Fed Watchers Wonder: ‘See You in September?’

Fed Watchers Wonder: ‘See You in September?’

Fed Watchers Wonder: ‘See You in September?’

This week’s Fed meeting is important not because the Fed will actually change its monetary policy – it won’t – but because the statement and press conference will be scrutinized intensely for hints about when the Fed will begin hiking interest rates. At the press conference, Fed Chair Janet Yellen will offer her perspective on the timing and pace of normalization. In a speech on 22 May, Yellen said,

“… [I]f the economy continues to improve as I expect, I think it will be appropriate at some point this year to take the initial step to raise the federal funds rate target and begin the process of normalizing monetary policy. To support taking this step, however, I will need to see continued improvement in labor market conditions, and I will need to be reasonably confident that inflation will move back to 2 percent over the medium term.”

Note that the standard for the labor market is “continued improvement,” and given the strong recent employment data, Yellen will likely confirm Wednesday that this condition is likely to be met “at some point this year.” As for inflation, note the Yellen standard for a hike is not that actual inflation moves back to 2% but only that the Fed be “reasonably confident” that inflation will move back to target in the medium term.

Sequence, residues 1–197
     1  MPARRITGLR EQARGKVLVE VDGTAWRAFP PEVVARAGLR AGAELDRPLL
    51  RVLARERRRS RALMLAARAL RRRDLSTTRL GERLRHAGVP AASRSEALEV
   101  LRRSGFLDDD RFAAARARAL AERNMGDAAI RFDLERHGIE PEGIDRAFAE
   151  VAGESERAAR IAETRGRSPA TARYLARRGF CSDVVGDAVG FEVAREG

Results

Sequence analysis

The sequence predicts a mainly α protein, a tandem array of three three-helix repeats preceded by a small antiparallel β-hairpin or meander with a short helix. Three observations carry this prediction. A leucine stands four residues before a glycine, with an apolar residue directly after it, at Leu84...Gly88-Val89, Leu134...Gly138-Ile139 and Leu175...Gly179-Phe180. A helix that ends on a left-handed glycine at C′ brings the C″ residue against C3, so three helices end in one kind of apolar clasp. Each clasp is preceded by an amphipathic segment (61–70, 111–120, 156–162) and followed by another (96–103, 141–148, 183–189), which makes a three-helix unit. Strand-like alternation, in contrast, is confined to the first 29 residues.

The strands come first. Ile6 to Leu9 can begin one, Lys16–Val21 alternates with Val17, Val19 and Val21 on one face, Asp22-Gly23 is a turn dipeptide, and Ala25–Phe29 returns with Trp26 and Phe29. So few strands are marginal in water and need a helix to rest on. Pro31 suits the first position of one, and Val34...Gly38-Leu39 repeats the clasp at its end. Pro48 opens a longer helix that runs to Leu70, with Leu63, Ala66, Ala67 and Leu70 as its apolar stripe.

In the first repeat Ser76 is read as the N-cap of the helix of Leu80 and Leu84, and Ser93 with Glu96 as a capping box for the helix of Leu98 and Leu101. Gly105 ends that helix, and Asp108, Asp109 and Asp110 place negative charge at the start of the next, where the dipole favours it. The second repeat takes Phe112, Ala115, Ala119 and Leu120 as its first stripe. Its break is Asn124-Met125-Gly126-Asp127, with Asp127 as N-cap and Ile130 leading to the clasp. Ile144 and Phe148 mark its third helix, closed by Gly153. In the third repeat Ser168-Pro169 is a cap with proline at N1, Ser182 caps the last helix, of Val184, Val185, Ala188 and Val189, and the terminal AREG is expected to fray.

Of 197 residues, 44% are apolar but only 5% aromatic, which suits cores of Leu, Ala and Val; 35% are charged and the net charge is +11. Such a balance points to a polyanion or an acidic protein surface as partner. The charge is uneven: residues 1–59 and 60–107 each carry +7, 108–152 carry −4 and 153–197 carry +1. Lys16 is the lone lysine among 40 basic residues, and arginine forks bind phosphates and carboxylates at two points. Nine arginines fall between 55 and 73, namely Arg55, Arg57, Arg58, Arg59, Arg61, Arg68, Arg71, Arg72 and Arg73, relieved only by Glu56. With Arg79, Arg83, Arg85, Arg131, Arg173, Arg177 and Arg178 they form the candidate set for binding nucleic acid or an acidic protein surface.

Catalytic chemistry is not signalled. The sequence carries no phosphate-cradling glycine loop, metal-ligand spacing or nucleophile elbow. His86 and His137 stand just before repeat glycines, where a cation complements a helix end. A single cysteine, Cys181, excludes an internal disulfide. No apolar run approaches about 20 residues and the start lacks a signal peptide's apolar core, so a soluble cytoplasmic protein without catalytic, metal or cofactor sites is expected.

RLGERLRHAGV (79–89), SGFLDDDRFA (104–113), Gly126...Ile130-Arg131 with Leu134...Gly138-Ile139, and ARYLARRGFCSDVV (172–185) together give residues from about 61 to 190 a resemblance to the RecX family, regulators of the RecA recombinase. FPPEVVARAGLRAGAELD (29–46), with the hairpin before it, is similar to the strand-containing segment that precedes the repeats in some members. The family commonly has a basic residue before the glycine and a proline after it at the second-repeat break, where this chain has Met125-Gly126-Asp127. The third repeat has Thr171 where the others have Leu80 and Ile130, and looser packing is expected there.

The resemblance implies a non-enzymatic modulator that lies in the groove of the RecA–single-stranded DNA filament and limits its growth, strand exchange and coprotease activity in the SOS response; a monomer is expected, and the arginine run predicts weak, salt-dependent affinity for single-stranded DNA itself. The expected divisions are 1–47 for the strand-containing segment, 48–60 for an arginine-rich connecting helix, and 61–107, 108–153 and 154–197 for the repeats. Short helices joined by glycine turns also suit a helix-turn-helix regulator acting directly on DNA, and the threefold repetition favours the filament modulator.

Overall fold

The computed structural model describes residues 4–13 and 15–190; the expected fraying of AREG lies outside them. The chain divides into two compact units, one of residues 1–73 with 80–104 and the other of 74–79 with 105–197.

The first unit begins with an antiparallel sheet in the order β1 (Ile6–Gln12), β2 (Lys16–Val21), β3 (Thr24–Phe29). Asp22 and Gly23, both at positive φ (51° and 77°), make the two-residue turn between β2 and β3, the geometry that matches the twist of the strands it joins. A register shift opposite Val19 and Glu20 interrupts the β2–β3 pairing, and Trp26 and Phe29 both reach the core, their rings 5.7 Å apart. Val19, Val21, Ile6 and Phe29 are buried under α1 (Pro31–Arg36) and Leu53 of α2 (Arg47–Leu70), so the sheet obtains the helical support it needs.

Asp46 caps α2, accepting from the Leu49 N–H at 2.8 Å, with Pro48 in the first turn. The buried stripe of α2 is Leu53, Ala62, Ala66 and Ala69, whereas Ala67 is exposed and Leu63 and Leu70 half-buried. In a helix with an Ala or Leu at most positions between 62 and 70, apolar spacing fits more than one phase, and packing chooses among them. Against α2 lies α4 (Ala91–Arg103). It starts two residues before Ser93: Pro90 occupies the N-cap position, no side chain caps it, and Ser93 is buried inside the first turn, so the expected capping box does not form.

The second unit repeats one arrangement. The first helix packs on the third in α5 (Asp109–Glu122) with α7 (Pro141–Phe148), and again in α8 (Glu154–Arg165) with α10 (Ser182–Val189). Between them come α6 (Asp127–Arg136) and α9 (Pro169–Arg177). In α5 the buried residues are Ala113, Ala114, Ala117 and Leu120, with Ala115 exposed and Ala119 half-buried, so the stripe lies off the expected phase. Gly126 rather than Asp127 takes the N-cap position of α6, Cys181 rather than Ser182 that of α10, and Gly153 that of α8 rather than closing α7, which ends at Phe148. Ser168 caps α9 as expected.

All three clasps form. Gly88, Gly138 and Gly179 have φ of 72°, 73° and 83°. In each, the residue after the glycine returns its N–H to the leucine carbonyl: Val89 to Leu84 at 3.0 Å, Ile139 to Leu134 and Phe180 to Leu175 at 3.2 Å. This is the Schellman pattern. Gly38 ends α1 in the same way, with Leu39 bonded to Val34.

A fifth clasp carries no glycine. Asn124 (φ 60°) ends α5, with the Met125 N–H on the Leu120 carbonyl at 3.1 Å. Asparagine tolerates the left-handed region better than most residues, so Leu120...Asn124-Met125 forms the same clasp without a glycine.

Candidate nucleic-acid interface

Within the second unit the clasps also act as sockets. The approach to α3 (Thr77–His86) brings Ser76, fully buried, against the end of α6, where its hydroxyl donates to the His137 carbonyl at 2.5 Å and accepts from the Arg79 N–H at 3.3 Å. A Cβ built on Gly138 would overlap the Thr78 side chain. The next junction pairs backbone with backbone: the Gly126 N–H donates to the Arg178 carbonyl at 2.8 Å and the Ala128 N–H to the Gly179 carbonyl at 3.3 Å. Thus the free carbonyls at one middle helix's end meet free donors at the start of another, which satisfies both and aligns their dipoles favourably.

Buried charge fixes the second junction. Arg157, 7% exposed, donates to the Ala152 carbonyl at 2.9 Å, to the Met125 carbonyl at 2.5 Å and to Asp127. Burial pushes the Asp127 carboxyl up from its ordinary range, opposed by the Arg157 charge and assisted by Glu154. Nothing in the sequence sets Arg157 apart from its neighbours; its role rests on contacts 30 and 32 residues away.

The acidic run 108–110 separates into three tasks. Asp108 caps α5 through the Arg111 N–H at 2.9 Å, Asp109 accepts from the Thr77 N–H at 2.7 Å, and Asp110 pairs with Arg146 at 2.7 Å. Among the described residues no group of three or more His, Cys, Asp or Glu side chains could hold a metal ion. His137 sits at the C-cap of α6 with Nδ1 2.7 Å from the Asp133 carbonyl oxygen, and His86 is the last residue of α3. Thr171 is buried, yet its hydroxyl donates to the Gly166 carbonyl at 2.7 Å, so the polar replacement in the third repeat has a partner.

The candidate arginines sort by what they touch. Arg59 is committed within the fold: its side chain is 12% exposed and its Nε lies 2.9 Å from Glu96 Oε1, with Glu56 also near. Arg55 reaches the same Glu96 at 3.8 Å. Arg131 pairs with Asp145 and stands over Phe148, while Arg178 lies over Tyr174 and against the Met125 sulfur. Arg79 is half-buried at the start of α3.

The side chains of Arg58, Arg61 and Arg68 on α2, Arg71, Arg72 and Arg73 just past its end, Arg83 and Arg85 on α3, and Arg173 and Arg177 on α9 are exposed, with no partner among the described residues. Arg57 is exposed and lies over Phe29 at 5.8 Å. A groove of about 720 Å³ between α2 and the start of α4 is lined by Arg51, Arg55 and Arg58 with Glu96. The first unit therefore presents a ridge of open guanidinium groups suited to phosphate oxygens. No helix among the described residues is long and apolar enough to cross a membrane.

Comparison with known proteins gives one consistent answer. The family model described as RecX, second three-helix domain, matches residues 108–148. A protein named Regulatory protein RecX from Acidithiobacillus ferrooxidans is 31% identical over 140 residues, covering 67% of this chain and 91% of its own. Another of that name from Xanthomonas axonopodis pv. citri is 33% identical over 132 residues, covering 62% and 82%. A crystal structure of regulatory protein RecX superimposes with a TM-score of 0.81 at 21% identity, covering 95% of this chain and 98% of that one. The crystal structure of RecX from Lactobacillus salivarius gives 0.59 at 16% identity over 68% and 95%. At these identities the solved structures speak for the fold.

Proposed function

So the big news, if any, on Wednesday will be if and how Yellen refines her language to indicate when “later this year” is likely to happen – September or December? Here she faces a difficult communication challenge. If she gives no guidance other than uttering the phrase “data dependent,” markets may interpret this as a signal that September is unlikely – which would play into the theme given support by IMF Managing Director Christine Lagarde’s recent advice that the Fed should wait until 2016 and Fed Governor Lael Brainard’s recommendation that the Fed should wait and scrutinize incoming data before deciding to hike. The disadvantage to Yellen of this approach is that it would make it harder for the Fed to hike in September even if the data supports that decision.

If, instead, Yellen seems to indicate she will “see us in September” (as The Tempos’ song says) for a rate hike announcement, she has the opposite problem, which is that she will be seen as giving calendar date guidance when she wants the Fed to get away from that.

Right now, markets are pricing a less than 30% probability the Fed hikes in September, but a greater than 60% probability they hike by December (source: Bloomberg, based on fed funds futures prices). PIMCO sees higher odds of a September hike than the markets do, and I suspect Yellen would not be unhappy if, after her press conference on Wednesday, the markets price in a higher probability of a September hike as well.

The key message is that investors need to get ready for, and used to, monetary policy that is data dependent. It is conceptually a better way to conduct monetary policy, but it is also more difficult to communicate strategically. Yellen will be getting lots of practice in the months and years ahead.


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